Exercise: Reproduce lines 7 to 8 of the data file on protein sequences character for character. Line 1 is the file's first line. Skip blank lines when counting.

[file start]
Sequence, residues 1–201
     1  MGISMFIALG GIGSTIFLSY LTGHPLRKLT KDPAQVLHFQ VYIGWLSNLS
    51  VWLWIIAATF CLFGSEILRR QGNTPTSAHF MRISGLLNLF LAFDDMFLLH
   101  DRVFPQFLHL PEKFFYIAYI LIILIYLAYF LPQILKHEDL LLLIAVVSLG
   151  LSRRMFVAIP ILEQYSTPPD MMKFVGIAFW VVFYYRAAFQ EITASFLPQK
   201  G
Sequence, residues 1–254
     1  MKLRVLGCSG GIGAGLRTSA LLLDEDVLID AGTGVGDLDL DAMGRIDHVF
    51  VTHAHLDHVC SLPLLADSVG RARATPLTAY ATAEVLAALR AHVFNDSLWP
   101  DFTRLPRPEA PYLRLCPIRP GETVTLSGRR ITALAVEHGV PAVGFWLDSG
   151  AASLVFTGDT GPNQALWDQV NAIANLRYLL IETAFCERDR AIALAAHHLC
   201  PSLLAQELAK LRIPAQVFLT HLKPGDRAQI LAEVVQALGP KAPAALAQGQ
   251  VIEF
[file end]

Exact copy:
Sequence, residues 1–254
     1  MKLRVLGCSG GIGAGLRTSA LLLDEDVLID AGTGVGDLDL DAMGRIDHVF